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#40
Vayra86
TheoneandonlyMrKWhat, no one told me should I stop building rigs for people?!.
PC DIY has died about as often as PC Gaming. And every time it comes out as a more profitable business. Strange how that works.

We're persistent m*fkers.
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#41
bug
Vayra86PC DIY has died about as often as PC Gaming. And every time it comes out as a more profitable business. Strange how that works.

We're persistent m*fkers.
Still, with the money I could have built a decent rig 5-7 years ago, today I can buy a decent video card :(
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#42
Vayra86
bugStill, with the money I could have built a decent rig 5-7 years ago, today I can buy a decent video card :(
Yep... just holding on to what I have right now :P
Sign of the times, let's face it. Everything's under pressure. I don't think this is a PC thing.
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#43
bug
Vayra86Yep... just holding on to what I have right now :p
Sign of the times, let's face it. Everything's under pressure. I don't think this is a PC thing.
Somehow it feels like PC has been at the forefront. GPUs started to become untouchable since Turing, over 3 years ago.
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#44
Bomby569
This crazy race for new standards makes no sense when the market can't supply any of them. And it will only drive prices even higher, something i suppose it's what they all want, cash in just like they are doing with gpu's.
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#45
bug
Bomby569This crazy race for new standards makes no sense when the market can't supply any of them. And it will only drive prices even higher, something i suppose it's what they all want, cash in just like they are doing with gpu's.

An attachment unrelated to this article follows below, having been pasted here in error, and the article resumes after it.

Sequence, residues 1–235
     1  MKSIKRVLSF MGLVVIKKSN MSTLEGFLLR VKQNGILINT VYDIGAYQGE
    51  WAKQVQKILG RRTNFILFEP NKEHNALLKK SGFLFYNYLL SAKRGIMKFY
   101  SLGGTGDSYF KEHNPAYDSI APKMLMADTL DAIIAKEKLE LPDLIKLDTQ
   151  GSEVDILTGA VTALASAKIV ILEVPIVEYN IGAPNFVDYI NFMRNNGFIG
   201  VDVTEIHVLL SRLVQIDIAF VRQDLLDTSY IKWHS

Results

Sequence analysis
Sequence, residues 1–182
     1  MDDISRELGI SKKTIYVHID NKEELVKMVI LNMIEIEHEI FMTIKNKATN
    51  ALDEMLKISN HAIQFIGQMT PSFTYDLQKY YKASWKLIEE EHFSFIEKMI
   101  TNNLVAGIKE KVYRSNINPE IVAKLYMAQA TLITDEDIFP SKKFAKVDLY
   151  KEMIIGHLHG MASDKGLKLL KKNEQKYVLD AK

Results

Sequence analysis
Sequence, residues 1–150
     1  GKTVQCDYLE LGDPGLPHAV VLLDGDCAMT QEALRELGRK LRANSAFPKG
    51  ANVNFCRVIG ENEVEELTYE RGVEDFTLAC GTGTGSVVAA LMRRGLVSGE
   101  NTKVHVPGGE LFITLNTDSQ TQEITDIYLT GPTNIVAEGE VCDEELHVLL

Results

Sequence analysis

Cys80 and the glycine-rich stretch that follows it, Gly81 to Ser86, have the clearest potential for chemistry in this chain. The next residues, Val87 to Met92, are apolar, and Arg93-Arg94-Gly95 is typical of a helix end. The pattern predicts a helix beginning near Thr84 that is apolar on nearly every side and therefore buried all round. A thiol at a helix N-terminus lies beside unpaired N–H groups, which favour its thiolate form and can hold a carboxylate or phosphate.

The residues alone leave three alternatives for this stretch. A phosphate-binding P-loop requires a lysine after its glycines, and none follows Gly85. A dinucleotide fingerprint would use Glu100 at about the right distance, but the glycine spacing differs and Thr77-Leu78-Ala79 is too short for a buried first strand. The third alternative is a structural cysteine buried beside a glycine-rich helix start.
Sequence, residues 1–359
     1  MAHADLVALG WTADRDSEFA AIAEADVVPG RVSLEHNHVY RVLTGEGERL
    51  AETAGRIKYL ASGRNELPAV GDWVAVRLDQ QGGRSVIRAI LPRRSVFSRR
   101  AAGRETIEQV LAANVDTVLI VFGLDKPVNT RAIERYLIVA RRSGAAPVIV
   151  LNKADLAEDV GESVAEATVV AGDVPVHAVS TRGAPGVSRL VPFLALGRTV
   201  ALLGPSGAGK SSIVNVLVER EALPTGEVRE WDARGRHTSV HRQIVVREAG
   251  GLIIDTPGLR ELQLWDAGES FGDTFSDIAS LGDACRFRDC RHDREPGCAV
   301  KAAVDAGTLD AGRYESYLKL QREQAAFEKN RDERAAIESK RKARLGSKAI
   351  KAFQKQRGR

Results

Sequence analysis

There's no crazy race, this is how the industry works. When you buy Zen3, someone is finishing up Zen4 and somebody else is already looking at Zen5.
In case of standards, they take years to get right and qualify. Not to mention you need to correlate them with what you can actually build.

The only crazy thing here is people thinking only what they see on the store shelves matters.
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#46
Bomby569
bugThere's no crazy race, this is how the industry works. When you buy Zen3, someone is finishing up Zen4 and somebody else is already looking at Zen5.
In case of standards, they take years to get right and qualify. Not to mention you need to correlate them with what you can actually build.

The only crazy thing here is people thinking only what they see on the store shelves matters.
all you have to do is look up how long the PCIe or DDR generations lasted to see times are shortening fast
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#47
bug
Bomby569all you have to do is look up how long the PCIe or DDR generations lasted to see times are shortening fast
And that is a problem how?
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#48
windwhirl
bugWhen you buy Zen3, someone is finishing up Zen4 and somebody else is already looking at Zen5.
... They're already working on Zen 8, btw
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#49
Vayra86
Bomby569all you have to do is look up how long the PCIe or DDR generations lasted to see times are shortening fast
This is FOMO talking, rather than common sense, I think.

If you have PCIe 2.0 you can still make do on an x16 lane with current day GPUs, go figure. There is no need to yell 'first' every time something gets released, but somehow, in our infinite consumerism, people have gotten that idea.

Let the race be the race, and upgrade when there is an actual NEED instead of just an abstract WANT. Cheaper, more sensible, and you won't feel like you're not keeping up. There's nothing to keep up with, here, except your own use case.

For example I see people upgrade CPUs every other gen... for gaming... and they gain what. 5%? Best case? Similarly, upgrading GPU every gen to gain 20-30%... totally nuts. To then follow up with 'its going too fast' is pretty twisted.
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#50
TranceHead
windwhirlDoes it matter? Memory has gotten faster and faster, never slower.
DDR4-4200 is faster than DDR5-4200.
Don't be too hasty saying 'never'. In TPU's own tests, DDR5 kit tested was only 3.2% faster than DDR4-3200.
Early adopters get screwed in price and speed.